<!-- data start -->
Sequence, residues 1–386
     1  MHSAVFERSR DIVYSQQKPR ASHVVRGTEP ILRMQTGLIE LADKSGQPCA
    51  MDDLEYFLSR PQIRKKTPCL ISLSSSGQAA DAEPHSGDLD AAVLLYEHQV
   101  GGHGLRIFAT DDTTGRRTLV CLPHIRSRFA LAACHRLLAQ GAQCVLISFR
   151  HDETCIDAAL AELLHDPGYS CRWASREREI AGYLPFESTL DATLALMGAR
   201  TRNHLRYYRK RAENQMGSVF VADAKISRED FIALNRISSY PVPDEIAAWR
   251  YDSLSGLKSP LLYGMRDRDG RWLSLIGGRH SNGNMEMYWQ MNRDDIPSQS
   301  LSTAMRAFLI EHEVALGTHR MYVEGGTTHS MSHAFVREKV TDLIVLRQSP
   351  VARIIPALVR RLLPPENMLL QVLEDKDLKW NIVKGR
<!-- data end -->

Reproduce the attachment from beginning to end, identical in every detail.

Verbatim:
Sequence, residues 1–386
     1  MHSAVFERSR DIVYSQQKPR ASHVVRGTEP ILRMQTGLIE LADKSGQPCA
    51  MDDLEYFLSR PQIRKKTPCL ISLSSSGQAA DAEPHSGDLD AAVLLYEHQV
   101  GGHGLRIFAT DDTTGRRTLV CLPHIRSRFA LAACHRLLAQ GAQCVLISFR
   151  HDETCIDAAL AELLHDPGYS CRWASREREI AGYLPFESTL DATLALMGAR
   201  TRNHLRYYRK RAENQMGSVF VADAKISRED FIALNRISSY PVPDEIAAWR
   251  YDSLSGLKSP LLYGMRDRDG RWLSLIGGRH SNGNMEMYWQ MNRDDIPSQS
   301  LSTAMRAFLI EHEVALGTHR MYVEGGTTHS MSHAFVREKV TDLIVLRQSP
   351  VARIIPALVR RLLPPENMLL QVLEDKDLKW NIVKGR